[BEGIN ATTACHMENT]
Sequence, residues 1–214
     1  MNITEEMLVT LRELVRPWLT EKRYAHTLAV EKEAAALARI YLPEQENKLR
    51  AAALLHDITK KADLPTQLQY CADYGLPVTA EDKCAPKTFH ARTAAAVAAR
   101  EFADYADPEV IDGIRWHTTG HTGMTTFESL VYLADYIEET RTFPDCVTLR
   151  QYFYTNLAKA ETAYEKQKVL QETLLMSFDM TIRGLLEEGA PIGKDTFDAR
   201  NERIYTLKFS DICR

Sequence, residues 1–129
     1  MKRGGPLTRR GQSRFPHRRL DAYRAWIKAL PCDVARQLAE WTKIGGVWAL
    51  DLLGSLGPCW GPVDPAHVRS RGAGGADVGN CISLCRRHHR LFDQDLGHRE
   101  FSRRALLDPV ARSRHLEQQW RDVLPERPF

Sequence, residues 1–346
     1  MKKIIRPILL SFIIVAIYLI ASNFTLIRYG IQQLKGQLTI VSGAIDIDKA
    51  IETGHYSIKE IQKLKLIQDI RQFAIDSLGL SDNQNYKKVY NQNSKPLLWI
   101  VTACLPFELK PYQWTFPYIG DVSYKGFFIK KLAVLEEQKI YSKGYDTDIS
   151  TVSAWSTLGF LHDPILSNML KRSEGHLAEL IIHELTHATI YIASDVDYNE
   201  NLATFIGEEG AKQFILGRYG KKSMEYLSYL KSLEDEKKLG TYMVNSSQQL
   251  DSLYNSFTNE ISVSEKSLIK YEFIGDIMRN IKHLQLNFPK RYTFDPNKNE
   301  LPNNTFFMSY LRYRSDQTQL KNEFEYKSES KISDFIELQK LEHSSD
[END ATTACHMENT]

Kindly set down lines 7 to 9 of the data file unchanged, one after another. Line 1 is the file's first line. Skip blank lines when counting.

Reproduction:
Sequence, residues 1–129
     1  MKRGGPLTRR GQSRFPHRRL DAYRAWIKAL PCDVARQLAE WTKIGGVWAL
    51  DLLGSLGPCW GPVDPAHVRS RGAGGADVGN CISLCRRHHR LFDQDLGHRE